The trail first crosses over the main branch of Rachael Creek and a short distance later, it crosses a smaller tributary stream. All my previous hikes on this section of trail have been during the spring or summer when you cannot see very far upstream through the foliage. However, with the lack of winter foliage we could see upstream to the next waterfall! It is a bit of a scramble, but not overly difficult to get to the base of this one.

Waterfall on Rachael Creek Tributary

Continuing to the West, the Palmetto Trail crosses a second tributary of Rachael Creek. From here, we left the trail and headed downstream into the forest to begin some fairly intense Bushwhacking!

I just had to squeeze this photo of Boone in somewhere

There is absolutely no trail here and the woods are thick with Rhododendron, Briers, and a very uneven footing. We crossed the steam several times following the path of least resistance. As we got to the top of the first drop, it was obvious that the West side of the stream was the way to go.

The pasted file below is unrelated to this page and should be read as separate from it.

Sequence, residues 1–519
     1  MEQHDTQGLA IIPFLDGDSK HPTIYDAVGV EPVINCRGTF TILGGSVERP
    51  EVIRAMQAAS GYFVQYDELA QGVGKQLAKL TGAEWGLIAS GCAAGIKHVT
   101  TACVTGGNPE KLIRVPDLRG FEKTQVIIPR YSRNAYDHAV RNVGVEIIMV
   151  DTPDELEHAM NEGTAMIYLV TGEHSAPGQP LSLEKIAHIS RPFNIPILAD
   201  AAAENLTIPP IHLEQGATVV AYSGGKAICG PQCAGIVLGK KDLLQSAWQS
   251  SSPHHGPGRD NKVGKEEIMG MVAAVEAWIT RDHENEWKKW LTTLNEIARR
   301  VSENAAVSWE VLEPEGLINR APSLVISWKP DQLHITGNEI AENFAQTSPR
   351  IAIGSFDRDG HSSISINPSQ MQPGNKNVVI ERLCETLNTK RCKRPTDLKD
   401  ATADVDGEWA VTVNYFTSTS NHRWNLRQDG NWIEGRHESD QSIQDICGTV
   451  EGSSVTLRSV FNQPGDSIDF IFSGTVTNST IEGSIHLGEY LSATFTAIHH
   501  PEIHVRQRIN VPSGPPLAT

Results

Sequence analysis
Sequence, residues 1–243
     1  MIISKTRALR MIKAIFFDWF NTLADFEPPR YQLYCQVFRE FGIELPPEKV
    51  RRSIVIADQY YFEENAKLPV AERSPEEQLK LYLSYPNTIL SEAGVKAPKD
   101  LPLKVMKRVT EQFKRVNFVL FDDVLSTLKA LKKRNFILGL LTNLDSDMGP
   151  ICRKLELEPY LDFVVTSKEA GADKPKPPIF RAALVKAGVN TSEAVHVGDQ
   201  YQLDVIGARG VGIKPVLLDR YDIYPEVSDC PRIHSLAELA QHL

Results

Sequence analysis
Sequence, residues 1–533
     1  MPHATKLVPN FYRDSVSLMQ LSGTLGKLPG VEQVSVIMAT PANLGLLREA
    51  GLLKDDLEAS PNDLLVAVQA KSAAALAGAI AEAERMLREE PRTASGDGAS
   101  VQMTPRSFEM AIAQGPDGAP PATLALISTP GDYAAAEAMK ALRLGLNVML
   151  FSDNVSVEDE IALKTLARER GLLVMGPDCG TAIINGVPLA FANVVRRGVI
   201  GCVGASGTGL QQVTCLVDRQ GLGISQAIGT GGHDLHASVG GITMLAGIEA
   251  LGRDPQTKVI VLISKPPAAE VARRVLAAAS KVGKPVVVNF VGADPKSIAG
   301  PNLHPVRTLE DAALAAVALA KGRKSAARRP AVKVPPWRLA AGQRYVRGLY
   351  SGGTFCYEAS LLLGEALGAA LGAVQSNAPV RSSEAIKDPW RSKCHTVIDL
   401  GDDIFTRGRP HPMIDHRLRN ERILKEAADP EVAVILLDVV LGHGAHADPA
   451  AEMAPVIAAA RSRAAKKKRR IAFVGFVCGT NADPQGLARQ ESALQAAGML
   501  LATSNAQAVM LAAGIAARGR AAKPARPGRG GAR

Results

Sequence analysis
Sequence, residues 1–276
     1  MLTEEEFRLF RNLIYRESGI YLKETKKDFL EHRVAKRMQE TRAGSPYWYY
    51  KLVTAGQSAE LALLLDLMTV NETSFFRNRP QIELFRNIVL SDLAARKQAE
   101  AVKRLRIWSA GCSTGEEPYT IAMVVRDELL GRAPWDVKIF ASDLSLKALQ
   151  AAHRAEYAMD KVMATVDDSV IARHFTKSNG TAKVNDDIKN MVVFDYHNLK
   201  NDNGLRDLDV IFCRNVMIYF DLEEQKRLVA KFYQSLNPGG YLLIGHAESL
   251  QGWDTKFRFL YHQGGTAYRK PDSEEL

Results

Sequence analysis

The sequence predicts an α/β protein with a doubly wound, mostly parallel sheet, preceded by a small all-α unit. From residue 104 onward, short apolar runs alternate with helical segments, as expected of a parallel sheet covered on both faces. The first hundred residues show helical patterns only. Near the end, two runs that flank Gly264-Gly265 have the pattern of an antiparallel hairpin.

We meandered our way down to this next waterfall, a very scenic 15-20 footer. It was nicer than anything I was expecting, but nothing compared to what was yet to come.

Waterfall above Yucca Falls

Not much further downstream, it appeared that the stream dropped off the face of the earth! It was obvious that the next waterfall would much taller than anything I was expecting. With steep cliffs all around, there was way to safely get down the side of this waterfall. So we headed into the woods and found a much safer way down around the cliffs.

My favorite part of the entire hike was coming down the side and catching our first view of what was up ahead! According to Bernie, this one is called Yucca Falls and it far exceeded my wildest expectations!

First view of Yucca Falls from the side

The fact that I was in minor pain from stepping in a hole between some rocks and twisting my knee did not stop me from continuing the steep scramble down to the base of Yucca Falls! Wow, this one is a beauty!

Yucca Falls

Just downstream from Yucca Falls, is another small but scenic waterfall of about 10-15 feet tall.

Me by a small waterfall just downstream from Yucca Falls